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Young Bear Cubs Orphaned After Italian Officials Kill Mama Over Mauling

<p>Marshmallow / <a class="checked-link" href="https://www.flickr.com/photos/tmarschner/2728812987">Flickr</a></p>

One of the last brown bears living in the Italian Alps died this week after being tranquilized for capture, provoking outrage and demands for an investigation into the bear's death.

The 18-year-old bear, dubbed Daniza by officials in northern Italy, mauled a man who was foraging for mushrooms in late August - he escaped with stitches and bites on his arm.

When local officials announced that they wanted to capture the bear and move her and her two cubs to a more remote area, animal advocates pushed back. Caterina Rosa Marino of the League for the Abolition of Hunting (LAC) told The Guardian at the time:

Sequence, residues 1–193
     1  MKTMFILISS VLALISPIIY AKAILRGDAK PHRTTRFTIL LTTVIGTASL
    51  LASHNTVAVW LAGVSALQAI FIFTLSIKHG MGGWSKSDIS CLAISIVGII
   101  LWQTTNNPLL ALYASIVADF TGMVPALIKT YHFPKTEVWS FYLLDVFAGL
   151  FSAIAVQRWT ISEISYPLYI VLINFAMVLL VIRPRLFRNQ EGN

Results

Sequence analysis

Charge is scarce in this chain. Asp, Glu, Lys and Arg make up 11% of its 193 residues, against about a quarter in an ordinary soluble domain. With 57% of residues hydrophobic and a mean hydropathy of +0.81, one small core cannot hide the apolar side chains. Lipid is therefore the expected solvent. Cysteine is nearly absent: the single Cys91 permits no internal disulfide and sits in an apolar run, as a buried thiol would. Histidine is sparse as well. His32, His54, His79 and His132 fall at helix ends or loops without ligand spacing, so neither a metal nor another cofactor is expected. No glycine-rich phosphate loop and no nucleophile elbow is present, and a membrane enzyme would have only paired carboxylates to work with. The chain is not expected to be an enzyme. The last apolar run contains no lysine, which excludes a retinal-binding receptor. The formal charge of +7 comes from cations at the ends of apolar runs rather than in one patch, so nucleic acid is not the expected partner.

"We do not think she should be captured or killed because she has not shown anomalous behaviour. She simply defended her cubs, which is what any mother would do. The behaviour of the mushroom forager was not suitable."

While the mushroom forager says that he did not provoked the bear, activists believe that the attack wasn't grounds for capturing the animal. Daniza eluded her captors for weeks, drawing attention from the Italian media as a "fugitive" or "mafioso."

But now, Phys.org reports that Daniza was finally captured, tranquilized and, eventually, died. A spokesperson for the government in Trento in northern Italy said simply that the bear "was put to sleep but, unfortunately, did not survive."

Italy's Greens are calling for a criminal inquiry. Said spokesman Angelo Bonelli:

"A bear that was attempting to defend her own cubs from danger has died at the hands of the institutions, and now her small cubs are also in danger without the protection of their mother."

Her cubs are eight months old. One was captured, tagged and released, while the other could not be found. Brown bear cubs usually stay with their mothers for two to four years.

Daniza was one of some 50 bears living in Italy. In the 1990s, she was transferred to the area from Slovenia as part of a groundbreaking reintroduction program along with nine other bears.